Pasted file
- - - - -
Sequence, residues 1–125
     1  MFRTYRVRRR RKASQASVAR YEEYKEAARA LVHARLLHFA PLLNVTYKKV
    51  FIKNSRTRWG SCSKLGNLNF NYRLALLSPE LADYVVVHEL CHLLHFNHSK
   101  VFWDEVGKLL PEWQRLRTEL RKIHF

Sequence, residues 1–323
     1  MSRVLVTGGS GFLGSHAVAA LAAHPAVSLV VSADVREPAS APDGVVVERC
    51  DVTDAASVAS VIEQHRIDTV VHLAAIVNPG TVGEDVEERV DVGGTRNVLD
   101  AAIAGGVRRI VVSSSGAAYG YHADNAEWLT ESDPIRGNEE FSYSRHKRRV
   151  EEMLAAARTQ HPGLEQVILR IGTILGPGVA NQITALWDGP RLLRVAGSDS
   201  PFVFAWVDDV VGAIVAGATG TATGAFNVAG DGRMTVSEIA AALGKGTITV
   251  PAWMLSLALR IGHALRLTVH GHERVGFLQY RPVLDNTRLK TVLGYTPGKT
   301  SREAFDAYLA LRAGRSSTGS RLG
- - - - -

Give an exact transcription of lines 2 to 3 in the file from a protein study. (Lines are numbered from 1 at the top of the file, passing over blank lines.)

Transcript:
     1  MFRTYRVRRR RKASQASVAR YEEYKEAARA LVHARLLHFA PLLNVTYKKV
    51  FIKNSRTRWG SCSKLGNLNF NYRLALLSPE LADYVVVHEL CHLLHFNHSK